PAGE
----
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Johnson's on a roll

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Networx Universal, Networx Enterprise, SATCOM II and Alliant. The General Services Administration stood 4-for-4 last week in meeting its schedules for issuing some of the largest contracts in recent memory. It’s been a streak worthy of the New England Patriots.

John Johnson, assistant commissioner for Integrated Technology Services at GSA’s Federal Acquisition Service, must have enjoyed his walk to the podium last week to announce that GSA  awarded Alliant to 29 vendors. Johnson led GSA’s efforts to award Alliant, SATCOM II and the two Networx contracts. Those four combined could be worth more than $118 billion in the next decade. Johnson has occupied a bright spot in an otherwise dark year for management at GSA.

Johnson said Alliant is an example of how ITS works collaboratively throughout the organization.

One vendor said Alliant will go a long way toward re-establishing GSA’s reputation as a premier provider of services to agencies.

No one knows yet what the collateral benefits could be, but Johnson’s successes might provide the momentum to get GSA back on the right path.

In the past three years, Johnson has set deadlines, listened to industry and delivered on his word. So far, none of the Networx contracts or SATCOM have been mired in protests. Alliant might end that good streak because it left 37 unsuccessful bidders. But that’s beside the point.

Awarding large, multiple-award contracts on time and without protest is a skill not too many officials — and agencies — have these days. As protests continue to increase across government, and vendors believe they were wronged or have no choice but to protest to avoid getting shut out of business with an agency, Johnson’s record is impressive.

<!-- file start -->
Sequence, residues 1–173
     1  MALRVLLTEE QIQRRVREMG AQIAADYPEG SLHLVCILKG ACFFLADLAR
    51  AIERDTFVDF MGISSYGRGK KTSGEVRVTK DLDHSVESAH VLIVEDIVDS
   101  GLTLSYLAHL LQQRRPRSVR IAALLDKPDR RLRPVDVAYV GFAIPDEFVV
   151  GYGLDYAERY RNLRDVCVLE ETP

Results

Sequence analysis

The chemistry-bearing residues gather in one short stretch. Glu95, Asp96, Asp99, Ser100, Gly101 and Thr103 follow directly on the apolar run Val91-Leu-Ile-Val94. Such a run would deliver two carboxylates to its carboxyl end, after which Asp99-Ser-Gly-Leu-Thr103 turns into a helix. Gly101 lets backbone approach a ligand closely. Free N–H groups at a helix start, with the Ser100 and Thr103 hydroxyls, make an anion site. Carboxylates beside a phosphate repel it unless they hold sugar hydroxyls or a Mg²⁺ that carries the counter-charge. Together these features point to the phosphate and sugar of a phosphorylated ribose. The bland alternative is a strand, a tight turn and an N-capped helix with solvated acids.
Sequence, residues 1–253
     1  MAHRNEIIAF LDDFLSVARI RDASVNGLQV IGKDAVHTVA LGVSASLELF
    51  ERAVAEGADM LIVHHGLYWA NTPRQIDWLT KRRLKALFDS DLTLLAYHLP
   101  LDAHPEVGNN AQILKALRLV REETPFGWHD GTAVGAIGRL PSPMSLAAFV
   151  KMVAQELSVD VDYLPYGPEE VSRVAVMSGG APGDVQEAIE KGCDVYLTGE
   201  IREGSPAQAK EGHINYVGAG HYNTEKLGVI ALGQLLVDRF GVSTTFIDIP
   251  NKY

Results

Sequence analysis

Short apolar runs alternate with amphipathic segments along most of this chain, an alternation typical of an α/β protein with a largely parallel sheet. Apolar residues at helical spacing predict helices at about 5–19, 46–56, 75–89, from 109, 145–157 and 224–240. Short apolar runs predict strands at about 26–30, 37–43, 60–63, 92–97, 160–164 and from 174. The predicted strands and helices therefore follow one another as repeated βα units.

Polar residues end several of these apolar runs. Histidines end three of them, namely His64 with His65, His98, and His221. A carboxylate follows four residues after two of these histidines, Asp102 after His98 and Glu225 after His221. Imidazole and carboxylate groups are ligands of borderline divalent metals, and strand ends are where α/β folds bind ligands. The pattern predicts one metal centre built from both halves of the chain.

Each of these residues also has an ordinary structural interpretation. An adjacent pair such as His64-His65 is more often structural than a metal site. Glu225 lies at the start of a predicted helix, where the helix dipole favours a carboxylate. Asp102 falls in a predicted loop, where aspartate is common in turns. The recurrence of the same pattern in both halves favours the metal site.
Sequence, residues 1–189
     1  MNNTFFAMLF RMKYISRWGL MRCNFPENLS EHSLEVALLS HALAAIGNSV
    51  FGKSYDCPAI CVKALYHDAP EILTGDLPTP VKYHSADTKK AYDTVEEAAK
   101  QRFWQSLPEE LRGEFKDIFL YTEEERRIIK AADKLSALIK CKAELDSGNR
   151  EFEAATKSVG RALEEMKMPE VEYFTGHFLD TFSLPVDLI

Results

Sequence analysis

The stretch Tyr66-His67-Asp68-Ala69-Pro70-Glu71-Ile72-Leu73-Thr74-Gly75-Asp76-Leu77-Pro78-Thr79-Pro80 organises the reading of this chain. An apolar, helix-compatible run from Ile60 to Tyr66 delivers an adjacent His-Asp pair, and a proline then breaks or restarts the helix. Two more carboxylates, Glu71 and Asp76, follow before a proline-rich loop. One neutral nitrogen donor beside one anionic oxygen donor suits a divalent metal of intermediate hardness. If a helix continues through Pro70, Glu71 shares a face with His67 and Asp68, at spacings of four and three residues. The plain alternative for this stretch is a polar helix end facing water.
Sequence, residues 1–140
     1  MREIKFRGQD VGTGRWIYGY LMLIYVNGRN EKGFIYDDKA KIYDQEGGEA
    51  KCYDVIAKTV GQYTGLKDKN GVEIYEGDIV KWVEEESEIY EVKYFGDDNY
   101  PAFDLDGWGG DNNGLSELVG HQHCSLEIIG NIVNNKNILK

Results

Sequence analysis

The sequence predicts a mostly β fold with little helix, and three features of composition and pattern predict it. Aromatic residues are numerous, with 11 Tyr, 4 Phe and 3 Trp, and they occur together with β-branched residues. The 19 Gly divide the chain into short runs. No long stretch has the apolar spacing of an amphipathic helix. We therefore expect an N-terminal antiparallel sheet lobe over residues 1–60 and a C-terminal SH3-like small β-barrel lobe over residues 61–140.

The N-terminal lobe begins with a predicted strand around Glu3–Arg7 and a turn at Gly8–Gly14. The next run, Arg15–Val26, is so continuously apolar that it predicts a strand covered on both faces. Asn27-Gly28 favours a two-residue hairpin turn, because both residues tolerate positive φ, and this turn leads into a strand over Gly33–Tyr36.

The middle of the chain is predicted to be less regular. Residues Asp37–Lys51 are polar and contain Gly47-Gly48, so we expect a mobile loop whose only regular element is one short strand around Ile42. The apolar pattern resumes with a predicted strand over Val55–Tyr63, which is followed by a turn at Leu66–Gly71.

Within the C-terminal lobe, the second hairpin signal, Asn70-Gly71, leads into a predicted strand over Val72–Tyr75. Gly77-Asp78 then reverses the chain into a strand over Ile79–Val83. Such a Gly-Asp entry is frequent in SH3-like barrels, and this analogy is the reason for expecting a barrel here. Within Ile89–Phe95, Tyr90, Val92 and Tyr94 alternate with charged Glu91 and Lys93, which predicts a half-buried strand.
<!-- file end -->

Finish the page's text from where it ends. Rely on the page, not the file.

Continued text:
#2: Chain reaction
Mark Everson’s departure from the Internal Revenue Service, where he was commissioner until May, has set off a chain reaction in the C-suite at the IRS. Everson left to become president and chief executive officer at the American Red Cross. Last week, we learned that Everson’s successor at the IRS, Acting Commissioner Kevin Brown, plans to leave the agency in mid-September to join the American Red Cross, where he will become the chief operating officer. Brown’s departure means that Linda Stiff, the IRS’ deputy commissioner for operations support, will assume Brown’s positions of acting commissioner and deputy commissioner for services and enforcement. Are you following? Stiff’s replacement will be Richard Spires, IRS’ chief information officer. Notwithstanding his new duties, Spires will continue to work on the agency’s Business Systems Modernization Program, which insiders say has benefited immensely from Spires’ involvement and leadership.

#3: Presidential podcasts
If you want to hear President Lyndon B. Johnson and Lady Bird Johnson sounding all lovely-dovey, check out the new Presidential Libraries podcast Web site, created by the National Archives and Records Administration. Here’s a partial transcription of a clip from the Johnson Presidential Library and Museum that you can listen to on the Web site and at iTunes. The Aug. 4, 1964, telephone conversation at the White House is between Johnson and his wife, Lady Bird:
Operator: There you are.
LBJ: Darling?
Lady Bird: Yes, beloved.
LBJ: Did you want me?
Lady Bird: I just wanted to see you whenever you were all alone.
LBJ: Alright.
Lady Bird: Just merely to tell you I loved you, that’s all.
LBJ: Well, I’ll be over there. Are the [Judge and Mrs. Robert] Russell still
Lady Bird: No. They left at 3:30 this afternoon, dear.
LBJ: Well, I’ll be darned. Well, why didn’t they tell me goodbye?
Lady Bird: [pause]...because I guess they just figured you just didn’t have a moment.
LBJ: I’ll be darned. Well, any other news?
Lady Bird: Nothing in comparison to yours, darling.


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